Arrhythmia and acute coronary syndrome suppression and cardiac resuscitation management with bretylium

Marvin Bacaner, Donald H. Dembo

Research output: Contribution to journalReview articlepeer-review

3 Scopus citations


It is well known that electric shock can both initiate and terminate ventricular fibrillation. Refractory ventricular fibrillation (RVF) may often be an iatrogenic paradoxical result of early, frequent, excessive salvos of DC current countershocks and inappropriate off-label drug use, particularly aggressive epinephrine administration. Evidence suggests that the current advanced cardiac life support pharmacology protocol for cardiac resuscitation may contribute to disappointing survival in patients with out-of-hospital cardiac arrest. Controlled studies and new theoretical consideration suggest the protocol may induce RVF. In contrast, studies suggest that immediate adequate intravenous bretylium administration therapy together with sustained effective chest compressions can induce chemical defibrillation or facilitate electrical defibrillation as well as reduce the intensity, or even need for potentially heart-damaging countershock, where early frequent excessive current shocks are likely to increase refractory arrhythmia as demonstrated in animals and in humans. Salvos of shocks do not allow time between shocks for uniform recovery of normal electrical parameters needed to restore a stable heart rhythm. This may occur by inadvertently administering shock during the vulnerable period of the cardiac cycle. There are compelling existing data to demonstrate that bretylium and cardiopulmonary resuscitation (CPR) delivered before initiating shock therapy is likely to provide the best outcome in cardiac arrest. But, most importantly, adequate CPR chest compressions administered while bretylium is being infused also provide the opportunity to wash out electrically destabilizing electrolytes that have leaked from or are abnormally transported by functionally damaged membranes of fibrillation-induced ischemic myocytes. This may cause abnormal compartment redistribution of electrolytes that may facilitate RVF by heterogeneously partially depolarizing ischemic myocytes. Although efforts have been made to provide hard science for advanced life support, the guidelines are a product of consensus, the give and take of collegiality and intuition rather than rigorous controlled studies. Bretylium has a direct antifibrillatory action normalizing myocyte membrane currents, which restores intracompartmental normal electrolyte balance. In addition, adrenergic blockade by bretylium dilates coronary arteries, increasing effective O2 delivery by CPR. The free and aggressive use of epinephrine is toxic. Catechalomines cause coronary spasm and puts myocardial metabolism into damaging hypermetabolic overdrive to support the "fight or flight reflex" rapidly depleting adenosine triphosphate needed for cardiac electrical and mechanical recovery. Moreover, the value of epinephrine to resuscitation has never been demonstrated in a controlled human study, whereas its potential damage has been largely ignored. Epinephrine's potential deleterious actions that might compromise resuscitation are well established and reviewed here.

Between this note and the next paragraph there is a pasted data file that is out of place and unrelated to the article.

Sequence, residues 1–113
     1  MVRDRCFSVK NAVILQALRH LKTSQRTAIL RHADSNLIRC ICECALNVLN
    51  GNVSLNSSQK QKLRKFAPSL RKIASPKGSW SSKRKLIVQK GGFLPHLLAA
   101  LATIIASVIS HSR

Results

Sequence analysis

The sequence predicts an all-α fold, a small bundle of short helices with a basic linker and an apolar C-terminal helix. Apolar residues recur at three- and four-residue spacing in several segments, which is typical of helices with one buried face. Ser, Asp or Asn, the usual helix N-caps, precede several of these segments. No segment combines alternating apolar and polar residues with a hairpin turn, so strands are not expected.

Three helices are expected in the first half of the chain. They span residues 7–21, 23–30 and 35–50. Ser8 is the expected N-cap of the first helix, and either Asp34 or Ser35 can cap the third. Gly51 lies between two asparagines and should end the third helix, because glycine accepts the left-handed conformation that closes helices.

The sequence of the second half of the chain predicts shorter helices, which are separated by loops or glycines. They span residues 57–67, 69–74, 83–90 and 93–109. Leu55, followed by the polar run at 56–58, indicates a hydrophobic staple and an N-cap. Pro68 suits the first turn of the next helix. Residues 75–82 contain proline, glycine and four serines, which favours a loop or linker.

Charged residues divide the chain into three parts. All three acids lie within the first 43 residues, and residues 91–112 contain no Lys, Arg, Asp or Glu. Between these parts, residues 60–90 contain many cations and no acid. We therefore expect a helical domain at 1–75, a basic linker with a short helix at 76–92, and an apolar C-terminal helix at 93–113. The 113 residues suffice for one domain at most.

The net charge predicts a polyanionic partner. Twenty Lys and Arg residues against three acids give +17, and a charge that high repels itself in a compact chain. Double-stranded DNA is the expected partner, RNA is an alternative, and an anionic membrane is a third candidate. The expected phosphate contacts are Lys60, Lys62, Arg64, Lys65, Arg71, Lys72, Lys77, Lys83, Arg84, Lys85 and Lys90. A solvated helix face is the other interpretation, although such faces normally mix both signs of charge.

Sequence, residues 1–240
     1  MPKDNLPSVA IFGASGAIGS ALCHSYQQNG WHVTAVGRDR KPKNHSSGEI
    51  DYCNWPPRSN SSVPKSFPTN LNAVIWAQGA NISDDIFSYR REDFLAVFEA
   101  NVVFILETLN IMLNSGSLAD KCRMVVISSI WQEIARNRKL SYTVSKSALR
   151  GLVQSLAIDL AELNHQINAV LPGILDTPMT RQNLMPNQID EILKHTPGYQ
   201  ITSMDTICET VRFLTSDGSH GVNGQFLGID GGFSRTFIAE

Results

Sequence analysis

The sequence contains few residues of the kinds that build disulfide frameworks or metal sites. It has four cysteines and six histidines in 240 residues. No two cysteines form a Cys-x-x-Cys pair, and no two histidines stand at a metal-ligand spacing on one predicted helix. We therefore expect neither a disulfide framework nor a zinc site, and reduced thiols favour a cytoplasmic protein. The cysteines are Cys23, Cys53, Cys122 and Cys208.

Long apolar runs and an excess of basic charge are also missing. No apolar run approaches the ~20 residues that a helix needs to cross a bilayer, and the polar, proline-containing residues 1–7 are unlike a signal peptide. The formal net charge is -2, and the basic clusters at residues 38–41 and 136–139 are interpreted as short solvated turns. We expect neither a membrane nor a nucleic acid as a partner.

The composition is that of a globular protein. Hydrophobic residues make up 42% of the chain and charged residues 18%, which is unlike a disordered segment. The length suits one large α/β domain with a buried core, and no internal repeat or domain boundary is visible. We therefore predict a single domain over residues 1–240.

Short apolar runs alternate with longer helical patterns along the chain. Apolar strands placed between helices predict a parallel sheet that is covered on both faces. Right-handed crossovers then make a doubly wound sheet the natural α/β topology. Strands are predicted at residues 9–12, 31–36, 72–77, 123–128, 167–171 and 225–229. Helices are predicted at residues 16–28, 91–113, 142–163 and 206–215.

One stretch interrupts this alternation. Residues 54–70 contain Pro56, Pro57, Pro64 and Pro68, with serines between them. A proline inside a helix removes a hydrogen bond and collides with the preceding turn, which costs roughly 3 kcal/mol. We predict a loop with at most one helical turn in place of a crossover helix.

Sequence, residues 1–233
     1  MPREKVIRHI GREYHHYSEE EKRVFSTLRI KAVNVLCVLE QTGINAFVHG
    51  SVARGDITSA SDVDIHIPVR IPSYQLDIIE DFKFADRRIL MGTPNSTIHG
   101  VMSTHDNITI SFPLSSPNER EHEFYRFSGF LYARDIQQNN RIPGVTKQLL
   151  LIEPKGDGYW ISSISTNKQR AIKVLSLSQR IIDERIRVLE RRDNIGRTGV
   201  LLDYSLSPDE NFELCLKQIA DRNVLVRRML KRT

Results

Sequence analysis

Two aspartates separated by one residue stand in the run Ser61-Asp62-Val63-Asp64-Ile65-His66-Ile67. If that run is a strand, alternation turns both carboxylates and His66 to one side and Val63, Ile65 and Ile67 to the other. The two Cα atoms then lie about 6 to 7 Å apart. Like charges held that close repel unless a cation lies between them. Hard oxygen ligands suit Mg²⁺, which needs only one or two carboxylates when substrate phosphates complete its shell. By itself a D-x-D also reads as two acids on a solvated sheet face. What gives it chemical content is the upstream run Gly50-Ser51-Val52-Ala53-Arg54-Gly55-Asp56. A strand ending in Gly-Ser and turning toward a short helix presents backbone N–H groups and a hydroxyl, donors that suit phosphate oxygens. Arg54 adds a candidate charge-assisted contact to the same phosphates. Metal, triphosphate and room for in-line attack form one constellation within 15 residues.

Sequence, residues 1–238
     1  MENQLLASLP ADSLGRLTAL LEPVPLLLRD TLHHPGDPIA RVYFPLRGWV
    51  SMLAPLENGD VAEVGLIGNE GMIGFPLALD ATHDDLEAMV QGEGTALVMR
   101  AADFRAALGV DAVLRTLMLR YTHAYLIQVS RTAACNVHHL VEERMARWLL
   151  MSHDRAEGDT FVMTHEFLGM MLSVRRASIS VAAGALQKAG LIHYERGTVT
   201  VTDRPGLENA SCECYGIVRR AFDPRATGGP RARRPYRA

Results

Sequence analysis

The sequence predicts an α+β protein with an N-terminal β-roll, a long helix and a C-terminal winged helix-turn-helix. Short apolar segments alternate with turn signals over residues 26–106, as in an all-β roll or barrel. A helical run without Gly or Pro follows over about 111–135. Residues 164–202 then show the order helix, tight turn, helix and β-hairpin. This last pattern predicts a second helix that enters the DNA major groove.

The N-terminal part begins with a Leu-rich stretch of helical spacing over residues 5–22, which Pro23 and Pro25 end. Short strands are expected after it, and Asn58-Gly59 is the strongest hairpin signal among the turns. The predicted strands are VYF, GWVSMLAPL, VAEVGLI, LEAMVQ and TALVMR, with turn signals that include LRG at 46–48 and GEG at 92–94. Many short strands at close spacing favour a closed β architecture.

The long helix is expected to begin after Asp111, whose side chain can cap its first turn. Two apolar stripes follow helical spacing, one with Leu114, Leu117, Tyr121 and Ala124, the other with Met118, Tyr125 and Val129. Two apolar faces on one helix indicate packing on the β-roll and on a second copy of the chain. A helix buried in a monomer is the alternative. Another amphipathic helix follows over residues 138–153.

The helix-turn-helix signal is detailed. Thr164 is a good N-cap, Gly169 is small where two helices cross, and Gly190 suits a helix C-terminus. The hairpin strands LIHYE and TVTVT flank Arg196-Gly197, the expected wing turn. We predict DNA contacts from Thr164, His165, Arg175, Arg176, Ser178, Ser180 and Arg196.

Original languageEnglish (US)
Pages (from-to)534-542
Number of pages9
JournalAmerican Journal of Therapeutics
Issue number6
StatePublished - Nov 2009
Externally publishedYes


  • Acute coronary syndrome suppression
  • Arrhythmia
  • Bretylium
  • Cardiac resuscitation management

ASJC Scopus subject areas

  • Pharmacology
  • Pharmacology (medical)


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